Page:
Slaves were in town and boy were they about to shout about it. Getintothis’ Mike Stanton stood and witnessed the demolition.
We love Liverpool in the rain, especially when out in the evening, with the prospect of a gig, even more so when this writer knows very little about the bands I’m about to see. Having checked out a few tracks from Slaves online and even fewer from the two support bands Spring King and the brilliantly named Wonk Unit, I was approaching this gig with an open mind and blank canvas.
It is normally possible to assess a band by the audience; age range, gender mix, clothes, haircuts, the number of beards, and this gig was no different. There was a wide mix of ages from people in their fifties all the way down to students in their late teens and early twenties. There was a mix of hipster gear, rock, punk and ska fashions on display.
A large crowd had already gathered when Spring King took to the stage. Opening with a blistering rendition of Can I?, they instantly get the crowd bouncing.
Tearing through their discography as if possessed they revel in the atmosphere of mutual admiration, at one point telling the cheering mass ‘this is the best crowd we’ve had on tour.’ Better Man, Mumma and new single Who Are You flash across our bows pummelling the congealing mass of moshers with blasts of charged bass.
This is a raucous and energy infused performance showing a band enjoying their performance on stage, riffing off each other, interacting with the audience and obviously buzzing off the warm vibes reflected in their heroically charged performance.
Anticipation was now growing as the crowd swelled and when the extraordinarily named Wonk Unit appear and unpack their unique brand of chaos, there is a surge forwards.
Alex Wonk is an incredibly charismatic and assured frontman; part poet, part raconteur, part ringmaster, part stand-up, part leader of an art-punk collective. He doesn’t want to be a plasterer (his day job), who has that as an ambition? He wants to entertain, amuse and inform through wry lyrics and frenetic and impassioned delivery.
Wonk Unit are forging their own path, warping and bending the punk and ska form to the knee of their wit and whimsy. Tracks like the stoner-ska of Horses “because they’re the best animal in the world” shouts Alex, Nan “Nan is old, pisses with the door open, scowls at my friends, laughs when her grandson gives her a hug, woo hoo”, and Lewisham, a hook-laden rattler about the time his friend Crooky pissed out of a train window onto a hapless commuter, fly past like blurred stations squinted at from a fogged-up train carriage.
The band are tight, driven by Pwosion on bass and Tomoota Titty on drums while Alex conducts proceedings with anecdotes and asides before launching each song. They combine humour, social observation and anecdotal recall to create an experience that goes beyond the music.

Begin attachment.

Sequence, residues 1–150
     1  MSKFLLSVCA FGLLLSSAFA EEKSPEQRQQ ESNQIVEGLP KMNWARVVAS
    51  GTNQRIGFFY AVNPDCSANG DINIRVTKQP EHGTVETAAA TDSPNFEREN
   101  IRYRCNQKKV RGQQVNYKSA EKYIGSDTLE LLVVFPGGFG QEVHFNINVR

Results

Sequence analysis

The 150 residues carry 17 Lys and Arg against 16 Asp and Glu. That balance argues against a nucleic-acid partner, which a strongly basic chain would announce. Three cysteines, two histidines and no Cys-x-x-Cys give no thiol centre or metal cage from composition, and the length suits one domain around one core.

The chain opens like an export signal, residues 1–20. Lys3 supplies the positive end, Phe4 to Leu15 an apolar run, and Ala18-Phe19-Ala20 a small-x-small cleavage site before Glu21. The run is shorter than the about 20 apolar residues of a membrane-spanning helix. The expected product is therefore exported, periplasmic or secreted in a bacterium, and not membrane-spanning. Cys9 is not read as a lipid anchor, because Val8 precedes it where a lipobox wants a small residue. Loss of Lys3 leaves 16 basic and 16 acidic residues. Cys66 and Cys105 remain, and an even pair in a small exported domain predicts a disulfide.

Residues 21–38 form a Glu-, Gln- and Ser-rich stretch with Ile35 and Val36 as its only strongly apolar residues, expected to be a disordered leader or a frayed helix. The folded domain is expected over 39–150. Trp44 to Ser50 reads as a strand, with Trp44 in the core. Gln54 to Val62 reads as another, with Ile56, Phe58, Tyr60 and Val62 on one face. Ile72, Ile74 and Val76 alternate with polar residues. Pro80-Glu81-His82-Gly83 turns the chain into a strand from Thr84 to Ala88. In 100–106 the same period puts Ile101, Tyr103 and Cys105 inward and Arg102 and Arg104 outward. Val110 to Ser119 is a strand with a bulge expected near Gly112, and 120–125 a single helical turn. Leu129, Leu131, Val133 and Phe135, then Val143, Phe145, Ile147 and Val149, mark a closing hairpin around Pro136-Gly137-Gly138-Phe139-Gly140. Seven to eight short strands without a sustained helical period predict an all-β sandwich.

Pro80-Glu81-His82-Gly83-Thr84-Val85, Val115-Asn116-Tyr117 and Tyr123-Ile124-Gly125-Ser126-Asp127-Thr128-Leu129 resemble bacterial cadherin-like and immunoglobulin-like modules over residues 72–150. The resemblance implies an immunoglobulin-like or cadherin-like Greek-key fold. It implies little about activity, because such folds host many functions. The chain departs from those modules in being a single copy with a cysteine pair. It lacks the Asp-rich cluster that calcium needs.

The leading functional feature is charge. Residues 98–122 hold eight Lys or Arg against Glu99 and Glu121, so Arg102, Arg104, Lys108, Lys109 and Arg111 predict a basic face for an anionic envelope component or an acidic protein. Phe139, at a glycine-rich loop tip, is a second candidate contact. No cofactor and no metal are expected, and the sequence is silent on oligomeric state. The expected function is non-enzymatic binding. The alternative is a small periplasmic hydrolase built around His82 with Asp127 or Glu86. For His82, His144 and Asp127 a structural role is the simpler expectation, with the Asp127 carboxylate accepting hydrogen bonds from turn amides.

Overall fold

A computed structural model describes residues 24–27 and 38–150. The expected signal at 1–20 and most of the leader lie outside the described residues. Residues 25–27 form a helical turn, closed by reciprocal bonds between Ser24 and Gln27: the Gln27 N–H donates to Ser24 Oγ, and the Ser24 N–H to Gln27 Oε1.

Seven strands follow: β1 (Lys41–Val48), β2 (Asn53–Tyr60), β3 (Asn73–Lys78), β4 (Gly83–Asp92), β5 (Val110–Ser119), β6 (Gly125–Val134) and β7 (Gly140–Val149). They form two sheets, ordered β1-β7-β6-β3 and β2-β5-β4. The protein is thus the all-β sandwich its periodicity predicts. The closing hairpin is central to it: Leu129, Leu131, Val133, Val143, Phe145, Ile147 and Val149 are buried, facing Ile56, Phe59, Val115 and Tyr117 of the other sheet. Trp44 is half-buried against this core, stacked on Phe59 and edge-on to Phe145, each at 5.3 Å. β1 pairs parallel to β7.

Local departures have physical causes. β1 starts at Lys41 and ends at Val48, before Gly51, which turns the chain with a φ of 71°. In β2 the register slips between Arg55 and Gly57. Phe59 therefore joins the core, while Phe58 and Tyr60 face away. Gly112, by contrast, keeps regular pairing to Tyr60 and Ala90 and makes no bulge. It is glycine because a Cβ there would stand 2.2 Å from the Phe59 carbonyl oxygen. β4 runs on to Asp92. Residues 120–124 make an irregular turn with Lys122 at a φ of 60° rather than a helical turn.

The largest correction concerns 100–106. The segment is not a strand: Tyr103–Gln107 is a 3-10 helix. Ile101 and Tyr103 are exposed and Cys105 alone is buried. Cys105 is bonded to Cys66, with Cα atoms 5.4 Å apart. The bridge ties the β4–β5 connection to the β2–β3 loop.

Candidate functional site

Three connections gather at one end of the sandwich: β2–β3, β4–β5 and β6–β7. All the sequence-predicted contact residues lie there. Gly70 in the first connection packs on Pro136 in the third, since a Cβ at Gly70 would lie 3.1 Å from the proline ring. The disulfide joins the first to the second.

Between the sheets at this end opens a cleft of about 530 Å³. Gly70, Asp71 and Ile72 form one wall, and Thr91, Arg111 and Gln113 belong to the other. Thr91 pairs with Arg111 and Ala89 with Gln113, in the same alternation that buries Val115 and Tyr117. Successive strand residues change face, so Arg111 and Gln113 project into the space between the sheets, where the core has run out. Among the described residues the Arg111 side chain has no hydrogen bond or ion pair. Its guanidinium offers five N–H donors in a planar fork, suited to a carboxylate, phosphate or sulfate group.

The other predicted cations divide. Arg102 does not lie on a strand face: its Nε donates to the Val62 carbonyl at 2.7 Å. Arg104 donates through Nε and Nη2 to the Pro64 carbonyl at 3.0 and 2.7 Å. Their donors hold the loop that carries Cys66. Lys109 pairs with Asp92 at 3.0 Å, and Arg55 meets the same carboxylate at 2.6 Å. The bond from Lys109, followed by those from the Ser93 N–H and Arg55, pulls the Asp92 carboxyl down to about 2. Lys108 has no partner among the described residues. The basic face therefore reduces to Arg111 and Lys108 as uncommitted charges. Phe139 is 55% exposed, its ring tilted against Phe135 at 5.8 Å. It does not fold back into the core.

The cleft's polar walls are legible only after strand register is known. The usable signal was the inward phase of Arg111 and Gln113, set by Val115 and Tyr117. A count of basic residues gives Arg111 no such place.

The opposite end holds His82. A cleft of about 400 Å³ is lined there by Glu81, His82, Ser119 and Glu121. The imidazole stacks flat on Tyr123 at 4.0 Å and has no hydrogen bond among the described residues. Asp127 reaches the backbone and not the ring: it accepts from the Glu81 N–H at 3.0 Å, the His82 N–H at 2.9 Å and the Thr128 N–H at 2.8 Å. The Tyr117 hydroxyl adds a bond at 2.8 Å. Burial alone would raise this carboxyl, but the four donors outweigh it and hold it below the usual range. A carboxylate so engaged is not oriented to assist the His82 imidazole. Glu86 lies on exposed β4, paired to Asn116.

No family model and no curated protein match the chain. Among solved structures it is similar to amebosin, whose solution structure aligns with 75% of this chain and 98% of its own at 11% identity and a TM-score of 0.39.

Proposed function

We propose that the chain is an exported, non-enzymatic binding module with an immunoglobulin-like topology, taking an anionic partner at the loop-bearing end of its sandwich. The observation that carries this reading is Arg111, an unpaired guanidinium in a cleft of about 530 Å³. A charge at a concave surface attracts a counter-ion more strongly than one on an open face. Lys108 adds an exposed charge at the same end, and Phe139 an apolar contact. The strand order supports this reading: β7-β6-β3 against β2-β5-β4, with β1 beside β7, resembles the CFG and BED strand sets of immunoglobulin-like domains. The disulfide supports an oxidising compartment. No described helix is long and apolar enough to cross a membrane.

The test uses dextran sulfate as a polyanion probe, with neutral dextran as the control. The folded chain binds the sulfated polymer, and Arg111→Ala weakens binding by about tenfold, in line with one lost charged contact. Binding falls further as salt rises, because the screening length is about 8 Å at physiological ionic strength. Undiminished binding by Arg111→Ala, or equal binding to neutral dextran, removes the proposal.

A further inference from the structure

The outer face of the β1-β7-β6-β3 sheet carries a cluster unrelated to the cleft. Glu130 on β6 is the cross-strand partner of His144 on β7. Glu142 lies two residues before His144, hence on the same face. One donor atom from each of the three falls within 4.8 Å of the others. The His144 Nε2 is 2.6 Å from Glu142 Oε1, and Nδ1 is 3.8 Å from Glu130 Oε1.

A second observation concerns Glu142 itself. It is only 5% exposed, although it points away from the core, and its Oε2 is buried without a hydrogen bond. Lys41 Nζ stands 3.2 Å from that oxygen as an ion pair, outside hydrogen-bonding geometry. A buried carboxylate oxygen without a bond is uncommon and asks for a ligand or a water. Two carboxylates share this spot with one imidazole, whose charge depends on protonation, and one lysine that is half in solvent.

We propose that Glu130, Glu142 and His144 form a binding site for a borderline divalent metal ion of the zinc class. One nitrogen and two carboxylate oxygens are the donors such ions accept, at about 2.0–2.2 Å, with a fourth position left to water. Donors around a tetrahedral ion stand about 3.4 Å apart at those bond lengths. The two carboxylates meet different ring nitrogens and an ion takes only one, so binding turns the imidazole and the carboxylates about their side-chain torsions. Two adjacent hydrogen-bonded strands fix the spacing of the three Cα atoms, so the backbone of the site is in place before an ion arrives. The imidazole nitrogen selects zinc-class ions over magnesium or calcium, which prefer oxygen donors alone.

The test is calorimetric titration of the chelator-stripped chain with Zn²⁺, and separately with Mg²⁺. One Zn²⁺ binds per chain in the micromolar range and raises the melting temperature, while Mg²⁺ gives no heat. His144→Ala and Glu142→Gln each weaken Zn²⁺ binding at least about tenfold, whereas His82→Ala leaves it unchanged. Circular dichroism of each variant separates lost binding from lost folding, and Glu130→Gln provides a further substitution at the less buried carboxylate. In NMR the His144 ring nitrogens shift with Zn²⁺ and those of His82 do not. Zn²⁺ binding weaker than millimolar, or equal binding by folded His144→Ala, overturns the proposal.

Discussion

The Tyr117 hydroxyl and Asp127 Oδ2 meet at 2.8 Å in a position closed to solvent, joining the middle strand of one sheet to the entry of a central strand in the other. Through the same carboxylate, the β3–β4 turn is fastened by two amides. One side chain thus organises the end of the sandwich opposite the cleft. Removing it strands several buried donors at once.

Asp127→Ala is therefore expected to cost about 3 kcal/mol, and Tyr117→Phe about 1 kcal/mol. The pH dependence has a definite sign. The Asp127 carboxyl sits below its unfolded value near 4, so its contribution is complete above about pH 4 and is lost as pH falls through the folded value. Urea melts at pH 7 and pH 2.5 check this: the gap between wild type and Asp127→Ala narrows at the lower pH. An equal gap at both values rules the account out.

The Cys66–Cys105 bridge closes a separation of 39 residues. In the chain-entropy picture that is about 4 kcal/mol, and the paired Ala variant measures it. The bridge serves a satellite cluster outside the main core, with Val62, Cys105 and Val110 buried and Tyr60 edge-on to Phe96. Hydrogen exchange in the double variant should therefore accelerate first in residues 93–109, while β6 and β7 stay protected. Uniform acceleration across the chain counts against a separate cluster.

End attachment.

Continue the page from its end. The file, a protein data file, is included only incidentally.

After a brief intro, curiously The Vengaboys We Like to Party, Slaves ignite their stunning form of electric pugilism. A primitive, confrontational and explosive two-piece from Kent, Slaves deal in a stripped down (drums, guitar, vocals) grime-edged form of garage-punk.
Being unfamiliar with the band I wasn’t expecting the shattering ferocity of their arrival. I moved to the back, the coward that I am, but the tingles arrived and the flood of adrenalin that swept the venue and pummelled the fight-moshing crowd was as tangible as the crackling noise in my ears (I eschewed earplugs).
Ninety Nine wrecks the Academy space with jackhammer drums and scorched guitar riffs, Isaac Holman screams how we all live in our hands at the moment, heads bowed, staring at phones – “99% of the time, she lives in her hands. I can’t understand why.”
By the time we reach Sockets the crowd is pinging, ricocheting off each other. Plastic cups spin through the air accompanied by items of clothing and cartwheeling legs. The sleaze-core of Wow!!!7AM grinds with snarling menace as we plunge further into the collider.
Where’s Your Car Debbie? is greeted with huge cheers. It’s a stomper without a profound message, it’s built to pogo to and the crowd do just that. As Holman asks “Where’s your car Debbie? Debbie where’s your car?” silhouetted heads piston furiously. Prior to launching into Cheer Up London, Holman and Vincent even turn security, instructing the now out-of-control moshers to calm down and stop fighting, to a round of rousing cheers.
The mutual love between band and audience is palpable, each buzzing off the other. It is difficult not to be caught up in this form of mass hysteria.
The Hunter is a highlight. The duo create a sound big enough to fill a stadium so confined in the smallish space of the O2 Academy it was like being next to a shuttle launch.
Closing out with Hey they cap an almighty performance. It seems something bordering on alchemy to wring so much sound from so few components. The crowd are left stunned and enthralled.
The set is a procession of 2 and 3 minute blindsides delivered at lightspeed. Not since this writer saw Babyland at Camden Underworld, has a two piece (Babyland also have a standing drummer) literally torn paint off the walls with the sheer force of the sonic assault. It was brutal, euphoric and exhausting.
No doubt the bright lights beckon for these lads, they deserve their moment. On record they are strong, aggressive and loud; live they are on a different level entirely. Go see them perform.
Pictures by Getintothis’ Keith Ainsworth